Picture by 2020 Getty Images

13 and counting: Rafael Nadal’s dominance at the French Open by the numbers 

The Spaniard is the undeniable ‘King of Clay’ and so much more, and his other-worldly stats at Roland-Garros are a clear indication he’s the favourite there for an unprecedented 14th title.
By Nick McCarvel

Need reason to believe Rafael Nadal won’t lift his unprecedented 14th French Open trophy on June 13th? Sorry - this isn’t the article for you then.

The tennis legend, Beijing 2008 Olympic gold medallist and aptly nicknamed King of Clay kicks off his campaign for No.14 at the French Open just eight months after he captured his 13th title in October of 2020, after the tournament had been pushed back due to the Covid-19 pandemic.

Nadal, who will turn 35 mid-tournament, has given no indication in the lead-up clay season that he won't be firing on all cylinders during his most successful event. He won titles at both Barcelona and Rome, the latter where he beat rival and world No.1 Novak Djokovic in the final.

Djokovic, Nadal and Roger Federer are all on the same side of the draw, however, meaning only one of them will make the final. Djokovic and Nadal are heavily favoured to clash in the semi-finals, as Federer has tempered expectations for his performance on the red dirt.

For the first time in his career, Nadal has the chance to pass Federer in the major titles count, both men tied at 20 - a record in the men's Open Era. Federer has held the record since surpassing Pete Sampras at Wimbledon in 2009.

Nadal's historic 13 titles is the most of any player at one of tennis’ four major tournaments. The Spaniard is an astounding 100-2 in 16 career appearances in Paris, dating back to his debut in 2005.

Here, we offer some of Nadal’s most eye-popping numbers at the French Open, which – unsurprisingly – have contributed in making him the odds-on favourite again in 2021.

Rafael Nadal at the French Open, 2005

Nadal’s sparkling Roland Garros career

Thirteen times Nadal has lifted the Coupe de Mousquetaires inside Court Philippe Chatrier, easily the most of any player at one Grand Slam in the Open Era, with Martina Navratilova winning nine Wimbledons, Djokovic's nine at the Australian Open, Federer's eight at Wimbledon and Serena Williams’ seven in both Australia and at Wimbledon.

Amassing those 13 trophies has taken 100 wins and just two losses: In the fourth round in 2009 to Swede Robin Soderling; and in the quarter-finals in 2015 to Djokovic. Nadal withdrew from the event prior to his third-round match in 2016 due to a left wrist injury.

Another injury forced Nadal to miss his French Open debut in 2004 at age 18. So a year later, when he played his first match at the event, he was one of the tournament favourites, having won events in Monte Carlo, Barcelona and Rome in the lead-up.

“Everyone was talking about him,” his first opponent, Lars Burgsmuller, told USA TODAY in 2015. “He was on the way up. Everyone knew that he would be very, very good.”

The next level: Inside Nadal’s 102 matches

While Nadal has lost just those two matches, there have been few times he’s been threatened over the best-of-five-set format. In fact, he owns a 298-27 record in sets played at the French Open.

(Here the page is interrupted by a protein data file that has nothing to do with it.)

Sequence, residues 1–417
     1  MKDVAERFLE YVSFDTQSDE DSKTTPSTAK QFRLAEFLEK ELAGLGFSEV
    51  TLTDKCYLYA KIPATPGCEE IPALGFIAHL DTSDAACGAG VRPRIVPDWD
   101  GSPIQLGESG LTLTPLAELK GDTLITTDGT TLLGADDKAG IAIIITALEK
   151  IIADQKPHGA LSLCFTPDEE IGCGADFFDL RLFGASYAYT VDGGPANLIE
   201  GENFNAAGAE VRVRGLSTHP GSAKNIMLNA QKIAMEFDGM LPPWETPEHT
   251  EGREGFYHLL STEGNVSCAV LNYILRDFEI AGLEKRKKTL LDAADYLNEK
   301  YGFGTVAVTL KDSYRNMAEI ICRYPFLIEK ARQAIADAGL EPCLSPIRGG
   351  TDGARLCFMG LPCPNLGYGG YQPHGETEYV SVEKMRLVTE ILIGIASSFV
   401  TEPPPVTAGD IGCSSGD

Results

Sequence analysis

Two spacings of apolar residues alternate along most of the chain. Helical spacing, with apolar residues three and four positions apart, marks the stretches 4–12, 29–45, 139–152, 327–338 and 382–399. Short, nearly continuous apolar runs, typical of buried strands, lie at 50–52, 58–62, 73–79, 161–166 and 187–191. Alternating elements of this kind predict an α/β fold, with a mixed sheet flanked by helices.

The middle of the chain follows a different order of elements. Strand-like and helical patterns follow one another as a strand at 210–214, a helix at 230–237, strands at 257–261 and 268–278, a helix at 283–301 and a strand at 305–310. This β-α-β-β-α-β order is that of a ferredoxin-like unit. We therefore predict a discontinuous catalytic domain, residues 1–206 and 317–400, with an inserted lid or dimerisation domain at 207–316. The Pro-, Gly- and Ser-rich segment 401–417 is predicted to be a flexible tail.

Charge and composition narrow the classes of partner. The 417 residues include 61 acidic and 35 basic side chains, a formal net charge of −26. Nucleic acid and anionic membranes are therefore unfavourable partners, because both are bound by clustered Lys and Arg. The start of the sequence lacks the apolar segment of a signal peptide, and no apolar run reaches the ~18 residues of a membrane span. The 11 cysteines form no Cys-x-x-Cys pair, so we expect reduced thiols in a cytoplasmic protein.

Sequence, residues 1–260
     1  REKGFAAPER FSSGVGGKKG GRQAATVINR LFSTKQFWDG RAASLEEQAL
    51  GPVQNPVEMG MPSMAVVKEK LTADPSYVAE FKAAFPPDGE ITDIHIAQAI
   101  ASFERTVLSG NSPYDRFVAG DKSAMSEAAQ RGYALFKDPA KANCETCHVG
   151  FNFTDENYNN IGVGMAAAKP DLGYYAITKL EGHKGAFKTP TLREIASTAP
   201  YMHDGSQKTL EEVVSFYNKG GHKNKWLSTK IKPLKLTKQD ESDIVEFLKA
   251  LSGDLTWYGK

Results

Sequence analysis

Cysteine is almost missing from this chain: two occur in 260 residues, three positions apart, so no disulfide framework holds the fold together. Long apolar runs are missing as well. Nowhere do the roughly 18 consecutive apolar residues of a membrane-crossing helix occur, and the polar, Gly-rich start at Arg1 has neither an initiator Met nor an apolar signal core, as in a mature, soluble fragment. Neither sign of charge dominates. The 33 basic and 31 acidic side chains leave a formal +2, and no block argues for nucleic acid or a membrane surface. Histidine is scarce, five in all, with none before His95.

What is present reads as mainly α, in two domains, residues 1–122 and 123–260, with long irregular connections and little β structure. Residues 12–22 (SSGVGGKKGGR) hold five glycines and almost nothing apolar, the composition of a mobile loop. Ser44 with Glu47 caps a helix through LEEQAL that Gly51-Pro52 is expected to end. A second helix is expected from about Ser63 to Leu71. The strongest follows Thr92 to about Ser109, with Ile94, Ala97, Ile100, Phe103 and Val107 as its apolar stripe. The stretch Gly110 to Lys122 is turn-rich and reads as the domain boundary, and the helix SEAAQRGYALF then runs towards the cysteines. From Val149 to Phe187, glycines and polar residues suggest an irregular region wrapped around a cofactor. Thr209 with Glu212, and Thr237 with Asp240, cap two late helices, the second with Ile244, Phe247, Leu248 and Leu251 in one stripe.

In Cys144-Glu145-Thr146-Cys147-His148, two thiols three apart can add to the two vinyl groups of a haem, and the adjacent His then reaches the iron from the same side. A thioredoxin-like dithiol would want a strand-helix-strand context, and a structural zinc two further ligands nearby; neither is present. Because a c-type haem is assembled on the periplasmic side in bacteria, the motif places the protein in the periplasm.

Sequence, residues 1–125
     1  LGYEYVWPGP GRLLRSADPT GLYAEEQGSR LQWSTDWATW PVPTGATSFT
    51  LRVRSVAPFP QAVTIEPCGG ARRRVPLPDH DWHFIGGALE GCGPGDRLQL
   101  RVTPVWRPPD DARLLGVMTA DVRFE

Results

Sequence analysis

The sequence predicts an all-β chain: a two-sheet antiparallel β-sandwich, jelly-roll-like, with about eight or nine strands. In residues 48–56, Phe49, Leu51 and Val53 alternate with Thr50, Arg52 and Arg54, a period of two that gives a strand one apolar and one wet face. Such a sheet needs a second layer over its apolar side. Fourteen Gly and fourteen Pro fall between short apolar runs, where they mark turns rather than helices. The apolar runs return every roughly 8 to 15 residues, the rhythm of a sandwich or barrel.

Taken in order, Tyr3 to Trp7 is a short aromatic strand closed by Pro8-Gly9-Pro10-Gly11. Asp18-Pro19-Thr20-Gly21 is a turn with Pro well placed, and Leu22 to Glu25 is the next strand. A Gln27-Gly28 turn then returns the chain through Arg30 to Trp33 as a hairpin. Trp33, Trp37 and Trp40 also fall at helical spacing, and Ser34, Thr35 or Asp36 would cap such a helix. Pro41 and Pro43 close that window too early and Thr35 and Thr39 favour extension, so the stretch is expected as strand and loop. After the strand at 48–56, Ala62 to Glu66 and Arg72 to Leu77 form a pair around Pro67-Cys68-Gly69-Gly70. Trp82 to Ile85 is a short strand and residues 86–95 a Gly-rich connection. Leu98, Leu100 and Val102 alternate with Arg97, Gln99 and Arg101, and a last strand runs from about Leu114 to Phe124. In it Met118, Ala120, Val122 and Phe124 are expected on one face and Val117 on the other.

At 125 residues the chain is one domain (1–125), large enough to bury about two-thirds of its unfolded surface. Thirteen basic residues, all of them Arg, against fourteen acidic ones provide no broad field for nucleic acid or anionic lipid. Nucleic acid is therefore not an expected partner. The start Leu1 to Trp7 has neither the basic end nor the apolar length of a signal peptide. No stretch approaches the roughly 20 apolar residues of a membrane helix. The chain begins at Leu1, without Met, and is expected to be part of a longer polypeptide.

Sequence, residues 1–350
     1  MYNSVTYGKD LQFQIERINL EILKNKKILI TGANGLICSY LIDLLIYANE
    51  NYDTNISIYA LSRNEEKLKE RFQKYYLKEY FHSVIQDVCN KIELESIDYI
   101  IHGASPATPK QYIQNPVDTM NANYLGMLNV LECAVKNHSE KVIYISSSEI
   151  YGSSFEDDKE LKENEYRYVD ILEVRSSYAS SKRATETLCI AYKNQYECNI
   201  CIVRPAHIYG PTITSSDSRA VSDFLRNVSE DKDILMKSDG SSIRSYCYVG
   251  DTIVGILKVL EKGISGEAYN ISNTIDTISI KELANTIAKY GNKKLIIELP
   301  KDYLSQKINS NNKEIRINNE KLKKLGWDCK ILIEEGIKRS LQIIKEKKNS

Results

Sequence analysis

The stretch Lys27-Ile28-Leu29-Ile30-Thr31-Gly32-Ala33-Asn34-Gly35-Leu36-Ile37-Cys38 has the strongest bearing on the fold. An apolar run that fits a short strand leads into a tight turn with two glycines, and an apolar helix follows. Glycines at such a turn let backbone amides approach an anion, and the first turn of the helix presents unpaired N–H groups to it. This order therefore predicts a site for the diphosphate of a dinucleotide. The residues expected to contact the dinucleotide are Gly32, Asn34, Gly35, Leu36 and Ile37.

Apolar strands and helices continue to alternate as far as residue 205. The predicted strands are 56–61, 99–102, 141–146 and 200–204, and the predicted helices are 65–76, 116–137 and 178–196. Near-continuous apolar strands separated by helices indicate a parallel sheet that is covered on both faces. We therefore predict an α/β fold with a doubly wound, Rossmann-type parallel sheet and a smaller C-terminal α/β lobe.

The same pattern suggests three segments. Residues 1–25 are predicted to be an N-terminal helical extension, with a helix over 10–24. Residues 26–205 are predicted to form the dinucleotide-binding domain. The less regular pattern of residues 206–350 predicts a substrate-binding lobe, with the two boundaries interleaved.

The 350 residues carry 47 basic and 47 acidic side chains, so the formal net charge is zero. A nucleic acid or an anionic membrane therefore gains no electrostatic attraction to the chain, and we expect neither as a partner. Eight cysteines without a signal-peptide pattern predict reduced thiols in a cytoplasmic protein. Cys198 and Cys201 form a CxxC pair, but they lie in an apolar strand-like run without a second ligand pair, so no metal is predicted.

In 2020, Nadal didn't drop a single set in seven matches played, including in the final against Djokovic.

Only twice Nadal has been stretched to five sets: A come-from-behind win against American John Isner in the first round in 2011 and a close-as-can-be semi-final against Djokovic in 2013, Nadal triumphing 6-4 3-6 6-1 6-7(3) 9-7.

Djokovic led that match by a break of serve late in the fifth set (4-3 serving), only to falter against his rival.

“Everybody knows Novak is a fighter,” Nadal said, according to The Guardian. “That’s why this is a special sport.”

That year, Nadal was coming back from a seven-month layoff due to a knee injury that knocked him out of the Olympic Games London 2012.

The argument could be made that Nadal’s 2008 French Open was his most dominant, as it marked the first time he won the event without dropping a set, and lost just 41 games in seven matches played.

He did not drop a set in 2010, either, as well as in 2017 and the aforementioned 2020. He would lose only 35 games in seven matches that year, though Pablo Carreño Busta retired from their quarter-final after just one set played. In the final, Nadal dismantled 2015 champ Stan Wawrinka 6-2 6-3 6-1.

His 2020 final score against Djokovic? 6-0, 6-2, 7-5.

A league of his own

Winning over 90 percent of his career matches on red clay (98.0 in Paris), Nadal hit the century mark – 100 wins at the French Open – when he hoisted last year's trophy.

Only Federer (Australian & Wimbledon), Serena (US Open), Navratilova (Wimbledon) and Chris Evert (US Open) have reached triple digits in the win column at a major in the Open Era.

While Navratilova's 120 Wimbledon wins is the most all-time, Nadal could pass Federer (102 at the Australian Open) for the most wins by a man at any major by reaching the fourth round. He could grab the No.2 all-time spot (Serena, 106 at the US Open) by winning the title.

They are numbers that are in another stratosphere - much the same as Nadal's level of tennis on the red clay.